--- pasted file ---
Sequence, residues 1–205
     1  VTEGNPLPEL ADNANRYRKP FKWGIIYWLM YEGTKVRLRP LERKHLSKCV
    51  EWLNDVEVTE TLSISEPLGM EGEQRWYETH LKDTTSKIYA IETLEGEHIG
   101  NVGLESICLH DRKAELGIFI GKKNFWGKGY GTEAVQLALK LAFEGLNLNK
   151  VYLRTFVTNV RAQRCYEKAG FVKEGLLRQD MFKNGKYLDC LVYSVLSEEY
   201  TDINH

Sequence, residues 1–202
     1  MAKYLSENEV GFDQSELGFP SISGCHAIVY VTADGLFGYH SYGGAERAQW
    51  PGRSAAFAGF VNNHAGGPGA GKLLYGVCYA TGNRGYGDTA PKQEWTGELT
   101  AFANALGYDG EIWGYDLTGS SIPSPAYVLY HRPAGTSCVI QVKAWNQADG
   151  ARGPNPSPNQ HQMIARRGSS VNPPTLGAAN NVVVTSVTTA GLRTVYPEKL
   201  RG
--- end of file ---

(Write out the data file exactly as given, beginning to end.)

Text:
Sequence, residues 1–205
     1  VTEGNPLPEL ADNANRYRKP FKWGIIYWLM YEGTKVRLRP LERKHLSKCV
    51  EWLNDVEVTE TLSISEPLGM EGEQRWYETH LKDTTSKIYA IETLEGEHIG
   101  NVGLESICLH DRKAELGIFI GKKNFWGKGY GTEAVQLALK LAFEGLNLNK
   151  VYLRTFVTNV RAQRCYEKAG FVKEGLLRQD MFKNGKYLDC LVYSVLSEEY
   201  TDINH

Sequence, residues 1–202
     1  MAKYLSENEV GFDQSELGFP SISGCHAIVY VTADGLFGYH SYGGAERAQW
    51  PGRSAAFAGF VNNHAGGPGA GKLLYGVCYA TGNRGYGDTA PKQEWTGELT
   101  AFANALGYDG EIWGYDLTGS SIPSPAYVLY HRPAGTSCVI QVKAWNQADG
   151  ARGPNPSPNQ HQMIARRGSS VNPPTLGAAN NVVVTSVTTA GLRTVYPEKL
   201  RG